White Spots on the Brain in an MRI

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You may be alarmed to hear that your brain magnetic resonance image (MRI) shows several small white spots. Certainly, white spots may be a cause for concern. They may even explain the symptoms that led your healthcare provider to prescribe an MRI in the first place. However, there are also a variety of explanations that are not alarming.

Your healthcare provider will determine the significance and cause of the spots based on your medical history and an examination. Other diagnostic tests may also be used to determine the number of spots, their size and appearance, and where they are located in the brain.

This article will look at some common causes of white spots on a brain MRI, along with risk factors and treatment options.

Causes of white spots on brain MRI
Verywell / Brianna Gilmartin

What Are White Spots?

Spots on a brain MRI are caused by changes in water content and fluid movement that occur in brain tissue when the brain cells are inflamed or damaged. These lesions are more easily seen on T2 weighted images, a term that describes the frequency (speed) of the radio impulses used during your scan.

White spots may be described in different ways on an MRI report:

  • "High signal intensity areas"
  • "White matter hyperintensities," or lesions the appear bright white on certain sequences of MRI scans
  • "Leukoaraiosis," a term that is used if the spots are thought to be caused by decreased blood flow
  • "Nonspecific white matter changes"

White spots are usually found in the brain’s white matter, typically near the ventricles, the four cavities located within the brain that contain cerebrospinal fluid (CSF). But they can be located anywhere in the brain.


Small strokes are the most common cause of white spots on a brain MRI. Small strokes are often caused by blockages of small blood vessels due to high blood pressure and/or diabetes. Large strokes are usually caused by heart disease or carotid artery disease.

Sometimes white spots are caused by silent strokes, which are small strokes that don't cause symptoms. A silent stroke may not cause symptoms if you have enough healthy brain function to make up for the small area of brain damage.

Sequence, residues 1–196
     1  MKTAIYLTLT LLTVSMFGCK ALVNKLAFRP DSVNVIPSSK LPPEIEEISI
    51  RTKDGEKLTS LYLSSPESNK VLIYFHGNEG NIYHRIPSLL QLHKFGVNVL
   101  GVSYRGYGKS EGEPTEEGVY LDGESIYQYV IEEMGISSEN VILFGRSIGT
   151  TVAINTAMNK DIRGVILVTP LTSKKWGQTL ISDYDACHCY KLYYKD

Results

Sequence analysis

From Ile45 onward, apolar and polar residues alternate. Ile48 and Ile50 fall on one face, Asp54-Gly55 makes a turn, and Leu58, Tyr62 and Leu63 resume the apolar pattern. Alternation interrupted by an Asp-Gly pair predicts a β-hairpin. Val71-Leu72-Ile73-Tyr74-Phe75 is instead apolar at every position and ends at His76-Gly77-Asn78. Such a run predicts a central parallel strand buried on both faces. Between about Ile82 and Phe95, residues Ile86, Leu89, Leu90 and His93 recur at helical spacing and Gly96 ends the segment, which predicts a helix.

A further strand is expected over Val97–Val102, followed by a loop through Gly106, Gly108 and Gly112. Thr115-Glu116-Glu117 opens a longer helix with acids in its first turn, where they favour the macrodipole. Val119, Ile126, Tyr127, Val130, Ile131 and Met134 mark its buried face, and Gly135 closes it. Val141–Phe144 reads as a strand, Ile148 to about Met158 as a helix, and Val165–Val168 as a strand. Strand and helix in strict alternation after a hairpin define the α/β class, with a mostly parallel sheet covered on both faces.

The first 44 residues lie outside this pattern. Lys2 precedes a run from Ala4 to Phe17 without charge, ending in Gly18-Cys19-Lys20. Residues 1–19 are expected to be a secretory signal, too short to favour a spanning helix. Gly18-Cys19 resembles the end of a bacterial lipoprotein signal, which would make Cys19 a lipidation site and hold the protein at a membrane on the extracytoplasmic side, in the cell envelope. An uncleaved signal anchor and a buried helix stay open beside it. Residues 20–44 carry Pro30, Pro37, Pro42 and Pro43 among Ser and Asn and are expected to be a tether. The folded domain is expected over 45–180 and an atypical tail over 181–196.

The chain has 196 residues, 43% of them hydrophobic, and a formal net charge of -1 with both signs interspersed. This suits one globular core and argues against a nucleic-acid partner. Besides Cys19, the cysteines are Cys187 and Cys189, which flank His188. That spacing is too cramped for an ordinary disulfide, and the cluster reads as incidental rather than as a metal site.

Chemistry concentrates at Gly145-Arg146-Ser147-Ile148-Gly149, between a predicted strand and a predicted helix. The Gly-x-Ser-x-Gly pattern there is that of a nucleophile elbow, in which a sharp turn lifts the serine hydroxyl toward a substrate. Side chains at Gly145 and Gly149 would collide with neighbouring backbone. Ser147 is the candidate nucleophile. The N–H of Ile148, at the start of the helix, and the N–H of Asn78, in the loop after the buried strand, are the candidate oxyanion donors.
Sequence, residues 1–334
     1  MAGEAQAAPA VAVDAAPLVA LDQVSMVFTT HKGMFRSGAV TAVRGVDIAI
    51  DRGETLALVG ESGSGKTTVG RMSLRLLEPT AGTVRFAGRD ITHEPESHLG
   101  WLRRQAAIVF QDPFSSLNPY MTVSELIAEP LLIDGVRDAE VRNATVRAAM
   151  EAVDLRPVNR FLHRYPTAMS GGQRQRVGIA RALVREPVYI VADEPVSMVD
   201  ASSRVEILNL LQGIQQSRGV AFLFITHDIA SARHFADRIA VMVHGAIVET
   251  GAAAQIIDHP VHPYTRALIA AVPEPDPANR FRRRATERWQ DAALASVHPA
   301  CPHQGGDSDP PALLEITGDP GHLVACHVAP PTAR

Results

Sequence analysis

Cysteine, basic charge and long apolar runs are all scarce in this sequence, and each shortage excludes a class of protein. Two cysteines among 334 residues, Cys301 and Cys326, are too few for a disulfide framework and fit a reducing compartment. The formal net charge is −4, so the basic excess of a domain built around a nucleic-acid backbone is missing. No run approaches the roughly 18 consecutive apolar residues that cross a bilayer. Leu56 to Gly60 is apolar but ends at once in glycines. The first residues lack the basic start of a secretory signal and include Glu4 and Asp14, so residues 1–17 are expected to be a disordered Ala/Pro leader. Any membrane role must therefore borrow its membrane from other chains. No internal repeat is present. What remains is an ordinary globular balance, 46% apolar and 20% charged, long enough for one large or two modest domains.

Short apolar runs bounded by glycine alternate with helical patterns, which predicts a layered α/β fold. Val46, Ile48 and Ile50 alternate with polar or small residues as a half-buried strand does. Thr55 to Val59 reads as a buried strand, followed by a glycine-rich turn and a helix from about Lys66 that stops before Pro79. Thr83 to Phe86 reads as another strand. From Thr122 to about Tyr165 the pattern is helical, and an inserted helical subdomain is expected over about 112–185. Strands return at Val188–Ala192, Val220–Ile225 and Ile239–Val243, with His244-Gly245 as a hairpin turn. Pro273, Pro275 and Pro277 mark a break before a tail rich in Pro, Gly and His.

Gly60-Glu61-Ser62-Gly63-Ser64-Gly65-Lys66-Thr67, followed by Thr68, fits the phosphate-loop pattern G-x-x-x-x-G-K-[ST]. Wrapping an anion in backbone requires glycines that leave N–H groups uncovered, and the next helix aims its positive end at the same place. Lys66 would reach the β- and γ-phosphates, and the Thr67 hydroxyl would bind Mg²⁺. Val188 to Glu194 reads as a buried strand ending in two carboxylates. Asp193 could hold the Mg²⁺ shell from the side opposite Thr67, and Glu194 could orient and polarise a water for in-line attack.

Silent strokes often occur in deeper regions of the brain and are usually caused by blockage of small blood vessels.

Other causes of white spots on a brain MRI include:

Risk Factors

Risk factors that lead to and worsen causes of strokes include:

Other risk factors that play a role in white spots on a brain MRI include:

  • Increased age: A certain degree of white matter change is expected as you age.
  • Genetics: If you are of Hispanic or African-American descent, you are at higher risk of developing white matter lesions on your brain MRI.

Treatment and Prevention

Sometimes a white spot can go away if treated—for example, if it is an infection or brain tumor. They may also temporarily get smaller and possibly worsen again later. This is often the case with inflammatory conditions such as lupus or MS that flare up and then improve.

The spots may shrink in size months after a small stroke. Alternatively, they can also worsen if risk factors for strokes are not treated, leading to further lesions.

Working with your healthcare provider can help you understand your MRI findings and create a treatment plan to prevent and/or address the underlying cause of the white spots.

Treatment may include prescription medications, surgery, or lifestyle strategies to build a healthier brain, such as eating a healthy diet and exercising.


White spots on a brain MRI are not always a reason for concern. There are many possible causes, including vitamin deficiencies, infections, migraines, and strokes. Other risk factors for white spots include age, genetics, obesity, diabetes, hypertension, and high cholesterol. The best way to prevent white spots is to practice brain-healthy habits like eating a nutritious diet and exercising regularly.

A Word From Verywell

It can be frightening to hear that there are white spots on your MRI scan.

The cause of these changes is complex, and you may need further testing to find out whether you have an inflammatory disease, a vascular disease, or some other cause. While the lesions themselves are not always treatable, there are a number of effective strategies that can reduce your chances of developing more spots in the future.

5 Sources
Verywell Health uses only high-quality sources, including peer-reviewed studies, to support the facts within our articles. Read our editorial process to learn more about how we fact-check and keep our content accurate, reliable, and trustworthy.
  1. American Stroke Association. Silent stroke.

  2. Debette S, Markus HS. The clinical importance of white matter hyperintensities on brain magnetic resonance imaging: systematic review and meta-analysis. BMJ. 2010;341:c3666. doi:10.1136/bmj.c3666

  3. Boehme AK, Esenwa C, Elkind MS. Stroke risk factors, genetics, and prevention. Circ Res. 2017;120(3):472-495. doi:10.1161/CIRCRESAHA.116.308398

  4. Beecham A, Dong C, Wright CB, et al. Genome-wide scan in Hispanics highlights candidate loci for brain white matter hyperintensities. Neurol Genet. 2017;3(5):e185. doi:10.1212/NXG.0000000000000185

  5. Mora F. Successful brain aging: plasticity, environmental enrichment, and lifestyle. Dialogues Clin Neurosci. 2013;15(1):45-52. doi:10.31887/DCNS.2013.15.1/fmora

Additional Reading

By Peter Pressman, MD
Peter Pressman, MD, is a board-certified neurologist developing new ways to diagnose and care for people with neurocognitive disorders.